Wireless, battery-free, subdermally implantable platforms for transcranial and long-range optogenetics in freely moving animals

Jokubas Ausra, Mingzheng Wu, Xin Zhang, Abraham Vázquez-Guardado, Patrick Skelton, Roberto Peralta, Raudel Avila, Thomas Murickan, Chad R. Haney, Yonggang Huang, John A. Rogers*, Yevgenia Kozorovitskiy, Philipp Gutruf

*Corresponding author for this work

Research output: Contribution to journalArticlepeer-review

2 Scopus citations

Abstract

Wireless, battery-free, and fully subdermally implantable optogenetic tools are poised to transform neurobiological research in freely moving animals. Current-generation wireless devices are sufficiently small, thin, and light for subdermal implantation, offering some advantages over tethered methods for naturalistic behavior. Yet current devices using wireless power delivery require invasive stimulus delivery, penetrating the skull and disrupting the blood–brain barrier. This can cause tissue displacement, neuronal damage, and scarring. Power delivery constraints also sharply curtail operational arena size. Here, we implement highly miniaturized, capacitive power storage on the platform of wireless subdermal implants. With approaches to digitally manage power delivery to optoelectronic components, we enable two classes of applications: transcranial optogenetic activation millimeters into the brain (validated using motor cortex stimulation to induce turning behaviors) and wireless optogenetics in arenas of more than 1 m2 in size. This methodology allows for previously impossible behavioral experiments leveraging the modern optogenetic toolkit.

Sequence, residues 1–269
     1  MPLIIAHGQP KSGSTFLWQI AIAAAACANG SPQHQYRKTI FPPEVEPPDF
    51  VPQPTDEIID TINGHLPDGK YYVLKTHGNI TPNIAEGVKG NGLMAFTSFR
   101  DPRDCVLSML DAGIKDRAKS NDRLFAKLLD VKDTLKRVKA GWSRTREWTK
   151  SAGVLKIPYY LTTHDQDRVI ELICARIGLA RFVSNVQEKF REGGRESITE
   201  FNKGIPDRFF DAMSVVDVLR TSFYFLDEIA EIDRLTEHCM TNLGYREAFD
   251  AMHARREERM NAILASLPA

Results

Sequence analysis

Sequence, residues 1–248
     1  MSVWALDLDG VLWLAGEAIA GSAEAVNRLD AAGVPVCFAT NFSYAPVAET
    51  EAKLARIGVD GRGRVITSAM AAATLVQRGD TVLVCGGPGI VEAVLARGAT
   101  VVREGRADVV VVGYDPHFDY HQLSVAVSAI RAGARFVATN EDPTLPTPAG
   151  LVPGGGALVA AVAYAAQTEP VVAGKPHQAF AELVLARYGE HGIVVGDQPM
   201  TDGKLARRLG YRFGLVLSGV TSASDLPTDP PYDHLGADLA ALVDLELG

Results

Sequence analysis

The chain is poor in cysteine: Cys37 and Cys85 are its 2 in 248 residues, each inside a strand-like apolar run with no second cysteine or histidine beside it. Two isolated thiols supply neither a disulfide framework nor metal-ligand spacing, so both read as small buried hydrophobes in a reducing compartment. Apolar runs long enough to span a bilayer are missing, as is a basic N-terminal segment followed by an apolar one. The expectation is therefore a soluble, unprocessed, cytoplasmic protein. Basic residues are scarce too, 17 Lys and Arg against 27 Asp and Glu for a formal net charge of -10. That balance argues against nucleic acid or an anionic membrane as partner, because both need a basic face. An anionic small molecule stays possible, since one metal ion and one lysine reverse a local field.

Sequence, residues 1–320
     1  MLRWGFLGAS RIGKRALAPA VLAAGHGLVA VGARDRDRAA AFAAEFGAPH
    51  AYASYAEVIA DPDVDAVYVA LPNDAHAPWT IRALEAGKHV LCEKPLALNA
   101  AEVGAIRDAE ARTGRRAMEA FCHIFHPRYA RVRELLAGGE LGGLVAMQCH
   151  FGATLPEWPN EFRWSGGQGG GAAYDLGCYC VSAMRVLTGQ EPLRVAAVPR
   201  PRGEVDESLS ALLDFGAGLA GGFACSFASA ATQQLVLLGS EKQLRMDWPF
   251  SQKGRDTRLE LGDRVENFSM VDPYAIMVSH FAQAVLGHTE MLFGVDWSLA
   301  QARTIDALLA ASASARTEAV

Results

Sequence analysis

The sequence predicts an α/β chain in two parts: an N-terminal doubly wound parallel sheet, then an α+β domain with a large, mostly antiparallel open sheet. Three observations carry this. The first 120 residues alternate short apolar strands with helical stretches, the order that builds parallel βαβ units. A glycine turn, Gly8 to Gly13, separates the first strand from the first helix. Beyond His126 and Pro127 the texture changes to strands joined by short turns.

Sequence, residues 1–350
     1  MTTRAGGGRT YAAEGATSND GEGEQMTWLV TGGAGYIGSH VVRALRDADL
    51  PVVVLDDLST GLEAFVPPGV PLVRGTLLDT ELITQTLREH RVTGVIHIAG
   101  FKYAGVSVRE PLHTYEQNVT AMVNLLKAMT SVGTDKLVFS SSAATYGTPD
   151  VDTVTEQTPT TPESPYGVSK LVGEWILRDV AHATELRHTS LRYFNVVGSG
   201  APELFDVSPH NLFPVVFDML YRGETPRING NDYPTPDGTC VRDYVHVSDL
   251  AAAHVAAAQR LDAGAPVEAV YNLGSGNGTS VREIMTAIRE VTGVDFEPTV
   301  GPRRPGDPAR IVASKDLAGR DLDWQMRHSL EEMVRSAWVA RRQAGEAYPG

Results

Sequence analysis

Original languageEnglish (US)
Article numbere2025775118
JournalProceedings of the National Academy of Sciences of the United States of America
Volume118
Issue number30
DOIs
StatePublished - Jul 27 2021

Keywords

  • Implantable
  • Long-range
  • Optogenetic
  • Transcranial
  • Wireless

ASJC Scopus subject areas

  • General

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